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Anomalies: Ultimatums, Dictators and Manners

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  • Colin F. Camerer
  • Richard H. Thaler

Abstract

The recent research on ultimatum and dictator games is reviewed. New experiments reveal that the ultimatum game is quite robust to changes in stakes and the nationality of the players but dictator games are sensitive to many design features. Information in the ultimatum game is important. Responders will reject offers only if they are known to be proportionally stingy and are known to be chosen by the proposer (rather than picked at random). Much of the observed behavior can be successfully modeled using Matthew Rabin's (1993) notion of a fairness equilibrium, which incorporates manners into economics. In many market contexts, politeness pays.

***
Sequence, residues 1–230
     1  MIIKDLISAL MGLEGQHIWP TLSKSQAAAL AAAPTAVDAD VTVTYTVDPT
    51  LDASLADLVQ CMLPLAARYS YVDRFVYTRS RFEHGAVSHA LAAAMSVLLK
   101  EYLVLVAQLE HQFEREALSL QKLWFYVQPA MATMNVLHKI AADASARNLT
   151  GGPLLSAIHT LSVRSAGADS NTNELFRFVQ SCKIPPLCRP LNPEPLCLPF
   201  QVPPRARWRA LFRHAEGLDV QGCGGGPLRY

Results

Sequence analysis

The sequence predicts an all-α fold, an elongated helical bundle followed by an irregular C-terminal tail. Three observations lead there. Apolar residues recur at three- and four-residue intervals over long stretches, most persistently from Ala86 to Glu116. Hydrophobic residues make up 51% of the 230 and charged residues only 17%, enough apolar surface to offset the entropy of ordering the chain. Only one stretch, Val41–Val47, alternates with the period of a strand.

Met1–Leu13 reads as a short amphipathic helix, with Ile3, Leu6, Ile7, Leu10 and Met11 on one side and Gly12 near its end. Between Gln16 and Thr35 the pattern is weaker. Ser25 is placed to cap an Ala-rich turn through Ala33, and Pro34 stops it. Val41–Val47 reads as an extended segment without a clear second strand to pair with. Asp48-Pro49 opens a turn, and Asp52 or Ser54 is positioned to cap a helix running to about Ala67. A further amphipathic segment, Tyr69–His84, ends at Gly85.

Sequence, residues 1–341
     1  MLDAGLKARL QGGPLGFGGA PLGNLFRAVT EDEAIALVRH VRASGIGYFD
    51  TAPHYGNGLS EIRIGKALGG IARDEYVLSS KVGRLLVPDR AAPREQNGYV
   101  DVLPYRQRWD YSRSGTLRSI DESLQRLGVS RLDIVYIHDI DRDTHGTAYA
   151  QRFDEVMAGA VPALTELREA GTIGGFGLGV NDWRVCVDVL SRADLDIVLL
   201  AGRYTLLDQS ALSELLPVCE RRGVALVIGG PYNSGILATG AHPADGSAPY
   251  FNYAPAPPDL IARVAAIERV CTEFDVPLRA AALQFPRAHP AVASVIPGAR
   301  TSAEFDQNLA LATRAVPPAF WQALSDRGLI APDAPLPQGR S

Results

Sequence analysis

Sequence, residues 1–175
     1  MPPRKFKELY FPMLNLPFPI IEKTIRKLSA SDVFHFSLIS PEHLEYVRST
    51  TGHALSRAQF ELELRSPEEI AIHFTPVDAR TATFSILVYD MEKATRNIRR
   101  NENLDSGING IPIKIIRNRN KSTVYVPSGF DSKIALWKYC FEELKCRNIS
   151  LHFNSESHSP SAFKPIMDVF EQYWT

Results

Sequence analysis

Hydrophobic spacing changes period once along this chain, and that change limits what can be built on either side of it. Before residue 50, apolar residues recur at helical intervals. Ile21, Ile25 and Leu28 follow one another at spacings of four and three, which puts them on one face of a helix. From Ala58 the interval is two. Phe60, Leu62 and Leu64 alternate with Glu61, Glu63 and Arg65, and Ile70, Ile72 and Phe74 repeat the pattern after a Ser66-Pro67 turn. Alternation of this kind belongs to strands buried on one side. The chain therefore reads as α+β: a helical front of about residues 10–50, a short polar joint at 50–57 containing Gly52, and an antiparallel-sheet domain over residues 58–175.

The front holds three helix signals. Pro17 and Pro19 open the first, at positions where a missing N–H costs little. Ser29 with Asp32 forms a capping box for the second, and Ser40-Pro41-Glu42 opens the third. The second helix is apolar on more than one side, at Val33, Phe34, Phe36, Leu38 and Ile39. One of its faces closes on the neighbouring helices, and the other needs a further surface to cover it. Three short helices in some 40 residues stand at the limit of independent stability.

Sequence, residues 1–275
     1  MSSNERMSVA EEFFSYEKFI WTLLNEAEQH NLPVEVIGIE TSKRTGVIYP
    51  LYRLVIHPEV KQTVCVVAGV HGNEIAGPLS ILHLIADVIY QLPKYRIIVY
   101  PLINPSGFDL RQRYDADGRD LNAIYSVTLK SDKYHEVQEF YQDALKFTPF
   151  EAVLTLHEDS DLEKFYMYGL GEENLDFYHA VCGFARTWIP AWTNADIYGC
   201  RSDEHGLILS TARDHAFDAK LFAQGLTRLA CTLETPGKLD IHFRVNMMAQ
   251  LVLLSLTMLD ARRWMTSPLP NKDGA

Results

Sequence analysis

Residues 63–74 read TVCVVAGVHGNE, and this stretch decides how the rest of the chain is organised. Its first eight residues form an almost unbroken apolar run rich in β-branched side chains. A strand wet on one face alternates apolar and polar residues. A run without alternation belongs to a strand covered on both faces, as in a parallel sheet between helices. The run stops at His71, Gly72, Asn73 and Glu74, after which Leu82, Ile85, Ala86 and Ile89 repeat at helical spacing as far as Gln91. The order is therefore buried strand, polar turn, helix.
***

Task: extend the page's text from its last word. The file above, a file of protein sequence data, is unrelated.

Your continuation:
Suggested Citation

  • Colin F. Camerer & Richard H. Thaler, 1995. "Anomalies: Ultimatums, Dictators and Manners," Journal of Economic Perspectives, American Economic Association, vol. 9(2), pages 209-219, Spring.
  • Handle: RePEc:aea:jecper:v:9:y:1995:i:2:p:209-19
    Note: DOI: 10.1257/jep.9.2.209
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    File URL: http://www.aeaweb.org/articles.php?doi=10.1257/jep.9.2.209
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    References listed on IDEAS

    as
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    JEL classification:

    • C70 - Mathematical and Quantitative Methods - - Game Theory and Bargaining Theory - - - General

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